For the first time in this summer of the plague year 2020, I’m not sorry to be missing all the big loud comic-book movies we’re being bombarded with in the non-pandemic alt-timeline. I like those movies — love them, mostly, even when they’re also exhausting — but they do tend to dominate the pop-culture conversation. With them off the radar this year, there’s room to breathe for a fantastic little pulp comic-book movie like The Old Guard, debuting on Netflix on Friday.
In fact, if we are ready to reconsider the superhero tentpole dynamic, flurries of explosive movies across different franchises all vying for our attention with their ever-expanding carnivals of spectacle, The Old Guard offers a blueprint: Get smaller. Give us metahumans, yes, but with more emphasis on the human than the meta. The immortal protagonists of The Old Guard are much more engaging and empathetic as people than comic-book stories onscreen often manage. The question “What would it be like to live forever?” has been asked plenty often before, but it’s baked into the story and the characters here in a way that feels as deeply authentic as such a fantastical premise can be. There’s nothing romantic — in any sense of the word — about never dying for this crew. It’s a lot of pain and loss and rage.
Here’s (partly) why: Andy (Charlize Theron: Long Shot, Gringo) — whose full name may be one classicists would recognize from history — has just about had it with the self-imposed mission of the small group of fellow immortals she leads in helping humanity as much as they can. Because, as she replies when one of them tries to cheer her up with “We can do some good”: “Have you seen the news lately? ‘Some good’ does nothing.” You think you’re full of despair about the state of the world? (And by “you,” I mean me.) Imagine having actually witnessed it getting to this state in spite of your actions to prevent it. Theron brings the badass here like she has in plenty of other popcorn movies of late — Mad Max: Fury Road, Atomic Blonde — but it’s how she carries the weight of Andy’s anger, the weight of history, that sells this brilliant flick. Andy is tired.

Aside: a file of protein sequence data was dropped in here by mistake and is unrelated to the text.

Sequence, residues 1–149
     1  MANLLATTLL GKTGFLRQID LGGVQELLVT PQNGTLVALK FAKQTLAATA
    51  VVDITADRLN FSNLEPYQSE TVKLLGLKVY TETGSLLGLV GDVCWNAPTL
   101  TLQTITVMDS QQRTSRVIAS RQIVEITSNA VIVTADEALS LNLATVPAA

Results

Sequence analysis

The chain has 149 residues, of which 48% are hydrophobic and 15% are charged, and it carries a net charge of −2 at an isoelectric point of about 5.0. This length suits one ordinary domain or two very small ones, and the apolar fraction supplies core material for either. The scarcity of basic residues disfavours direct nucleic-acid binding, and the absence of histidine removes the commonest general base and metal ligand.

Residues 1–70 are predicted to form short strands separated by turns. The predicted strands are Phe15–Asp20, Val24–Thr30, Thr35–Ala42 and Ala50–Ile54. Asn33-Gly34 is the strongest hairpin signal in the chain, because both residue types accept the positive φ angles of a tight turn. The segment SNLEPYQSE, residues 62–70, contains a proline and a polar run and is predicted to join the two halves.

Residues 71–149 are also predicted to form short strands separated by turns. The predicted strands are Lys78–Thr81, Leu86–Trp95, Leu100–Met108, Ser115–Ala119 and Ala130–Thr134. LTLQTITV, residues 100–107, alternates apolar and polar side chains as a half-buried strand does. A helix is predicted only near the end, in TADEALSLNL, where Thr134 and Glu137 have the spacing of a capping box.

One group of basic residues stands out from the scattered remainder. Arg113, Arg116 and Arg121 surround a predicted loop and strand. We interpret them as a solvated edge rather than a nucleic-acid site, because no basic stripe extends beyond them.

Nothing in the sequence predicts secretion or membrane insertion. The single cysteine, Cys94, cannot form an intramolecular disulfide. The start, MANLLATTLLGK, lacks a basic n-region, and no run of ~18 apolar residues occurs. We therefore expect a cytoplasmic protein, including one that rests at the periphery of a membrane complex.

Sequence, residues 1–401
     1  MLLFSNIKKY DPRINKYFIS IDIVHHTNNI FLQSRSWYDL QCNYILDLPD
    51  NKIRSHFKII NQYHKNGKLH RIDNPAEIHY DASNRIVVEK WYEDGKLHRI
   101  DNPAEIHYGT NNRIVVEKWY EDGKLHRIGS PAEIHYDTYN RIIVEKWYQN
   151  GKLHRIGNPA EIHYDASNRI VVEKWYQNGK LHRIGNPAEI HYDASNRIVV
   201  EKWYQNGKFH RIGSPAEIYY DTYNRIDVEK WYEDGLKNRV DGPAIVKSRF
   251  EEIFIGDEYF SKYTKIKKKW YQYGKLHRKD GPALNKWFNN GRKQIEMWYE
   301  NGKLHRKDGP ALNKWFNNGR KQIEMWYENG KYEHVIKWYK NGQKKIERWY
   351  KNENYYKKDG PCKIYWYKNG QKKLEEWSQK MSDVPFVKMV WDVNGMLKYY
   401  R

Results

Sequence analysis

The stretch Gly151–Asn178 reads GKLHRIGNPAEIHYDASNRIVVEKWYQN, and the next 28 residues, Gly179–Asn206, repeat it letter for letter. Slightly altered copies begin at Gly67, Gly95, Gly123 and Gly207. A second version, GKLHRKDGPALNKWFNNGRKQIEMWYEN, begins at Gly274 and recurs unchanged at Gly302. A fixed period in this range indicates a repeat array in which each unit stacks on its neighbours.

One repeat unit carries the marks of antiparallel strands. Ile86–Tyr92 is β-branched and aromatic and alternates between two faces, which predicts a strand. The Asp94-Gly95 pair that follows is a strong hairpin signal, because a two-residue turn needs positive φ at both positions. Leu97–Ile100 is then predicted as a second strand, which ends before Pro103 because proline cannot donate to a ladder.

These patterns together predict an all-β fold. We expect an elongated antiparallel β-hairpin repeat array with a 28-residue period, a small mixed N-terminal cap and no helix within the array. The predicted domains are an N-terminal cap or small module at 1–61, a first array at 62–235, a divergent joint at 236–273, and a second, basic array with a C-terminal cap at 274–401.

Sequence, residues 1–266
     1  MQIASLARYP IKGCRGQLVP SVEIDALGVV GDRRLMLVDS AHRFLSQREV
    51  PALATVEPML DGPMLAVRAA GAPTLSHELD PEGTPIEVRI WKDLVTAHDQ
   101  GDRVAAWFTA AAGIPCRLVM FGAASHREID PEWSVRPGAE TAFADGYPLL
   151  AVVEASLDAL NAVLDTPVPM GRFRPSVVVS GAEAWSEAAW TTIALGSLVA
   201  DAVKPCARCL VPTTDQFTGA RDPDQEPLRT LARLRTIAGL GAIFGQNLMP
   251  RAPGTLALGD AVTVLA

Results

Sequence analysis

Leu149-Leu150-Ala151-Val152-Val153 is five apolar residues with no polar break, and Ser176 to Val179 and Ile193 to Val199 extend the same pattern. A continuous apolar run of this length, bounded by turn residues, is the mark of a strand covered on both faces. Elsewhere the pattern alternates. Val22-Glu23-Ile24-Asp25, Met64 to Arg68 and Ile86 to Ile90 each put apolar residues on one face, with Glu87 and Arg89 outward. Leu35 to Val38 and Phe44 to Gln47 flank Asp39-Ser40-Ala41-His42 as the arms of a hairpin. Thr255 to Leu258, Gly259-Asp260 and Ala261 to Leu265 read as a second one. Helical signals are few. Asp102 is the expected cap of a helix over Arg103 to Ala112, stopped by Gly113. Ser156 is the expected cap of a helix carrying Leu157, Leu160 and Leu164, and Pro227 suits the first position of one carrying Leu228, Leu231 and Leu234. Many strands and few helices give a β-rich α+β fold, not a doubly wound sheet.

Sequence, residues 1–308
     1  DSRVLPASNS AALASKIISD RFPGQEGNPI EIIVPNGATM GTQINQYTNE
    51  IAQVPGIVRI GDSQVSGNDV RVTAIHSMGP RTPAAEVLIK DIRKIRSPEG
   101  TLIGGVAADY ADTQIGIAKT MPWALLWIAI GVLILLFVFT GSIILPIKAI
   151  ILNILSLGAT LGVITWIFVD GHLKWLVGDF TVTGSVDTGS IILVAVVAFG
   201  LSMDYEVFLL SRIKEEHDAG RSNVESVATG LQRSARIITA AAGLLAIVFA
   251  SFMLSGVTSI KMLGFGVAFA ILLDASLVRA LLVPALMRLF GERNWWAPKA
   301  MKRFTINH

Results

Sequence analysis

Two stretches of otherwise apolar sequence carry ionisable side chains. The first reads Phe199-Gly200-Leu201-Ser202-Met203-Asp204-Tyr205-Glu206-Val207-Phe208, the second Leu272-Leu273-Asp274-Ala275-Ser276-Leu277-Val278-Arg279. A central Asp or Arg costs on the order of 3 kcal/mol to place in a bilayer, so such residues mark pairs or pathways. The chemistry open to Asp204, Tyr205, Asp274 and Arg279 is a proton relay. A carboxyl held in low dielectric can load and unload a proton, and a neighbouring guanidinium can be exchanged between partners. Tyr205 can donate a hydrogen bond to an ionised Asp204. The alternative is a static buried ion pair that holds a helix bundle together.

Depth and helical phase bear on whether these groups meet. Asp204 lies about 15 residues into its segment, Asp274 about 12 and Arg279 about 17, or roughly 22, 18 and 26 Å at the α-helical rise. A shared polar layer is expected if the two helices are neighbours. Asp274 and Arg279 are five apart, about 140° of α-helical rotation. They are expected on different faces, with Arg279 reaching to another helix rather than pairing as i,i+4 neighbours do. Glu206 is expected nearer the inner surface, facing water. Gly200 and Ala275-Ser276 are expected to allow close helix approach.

Character is so much more important to The Old Guard than plot. More intriguing, too. The slow reveals of the relationships among Andy’s team are a treat to witness, and much of it comes gently, as new baby immortal Nile (KiKi Layne: If Beale Street Could Talk) is introduced to Andy, Booker (Matthias Schoenaerts: Red Sparrow, The Danish Girl), Joe (Marwan Kenzari: Aladdin, Murder on the Orient Express), and Nicky (Luca Marinelli: The Great Beauty)… the latter two of whom are a couple, their devotion to each other barely sketched yet palpable. One scene in particular, in which Joe explains what Nicky means to him, is a pump-a-fist-in-the-air triumph for gay representation onscreen. (That’s one bit I’d have liked to see with a big rowdy, and, obviously, accepting crowd.) Huge kudos to screenwriter Greg Rucka (Whiteout), adapting his own graphic novel, for this and other moments of really juicy dialogue — not snarky catchphrases but smart, emotionally self-aware conversation — that make The Old Guard such a joy.
This is a comic-book movie, and there’s plenty of bruising action to be found here, as Andy’s squad takes on yet another do-gooder mercenary job via CIA operative Copley (Chiwetel Ejiofor: Maleficent: Mistress of Evil, Sherlock Gnomes), which goes bad and leads to further Complications. But just as she did with her last film, 2014’s pop-music romance Beyond the Lights (too long ago!), director Gina Prince-Bythewood (The Secret Life of Bees) elevates a familiar genre by immersing us in genuine, unsentimental feeling even as she embraces the tropes. I especially love the dynamic between Andy and Nile, a rare mentor-mentee relationship featuring two women. Rucka’s script creates that, but Prince-Bythewood lets the wonderful chemistry between Theron and Layne do the work. Both actors underplay it, avoiding the cheese there was so much potential for, and finding an empathy that is hard won and eventually a friendship that feels solid among the fisticuffs and firefights.
There’s a sense here, too, that the world of these characters is so much larger than we see… which should be a given, of course, with the scope of their existences, but was by no means guaranteed. Andy and her team clearly have lives of their own, don’t spend all their time together — what else do they get up to? There are hints that there are larger supernatural forces at work arranging events for some purpose that even Andy, with her vast vision and insight, cannot see. There is mystery here — it reminded me a little of the unearthliness of, unexpectedly, Jim Jarmusch’s 2014 vampire drama Only Lovers Left Alive, if with a faster pace. This is a world I cannot wait to return to. And with the suggestion that there’s plenty more story to come, I’m keeping my fingers crossed that a return visit is in the cards.
The Old Guard is the Alliance of Women Film Journalists’ Movie of the Week for July 10th. Read the comments from AWFJ members — including me — on why the film deserves this honor.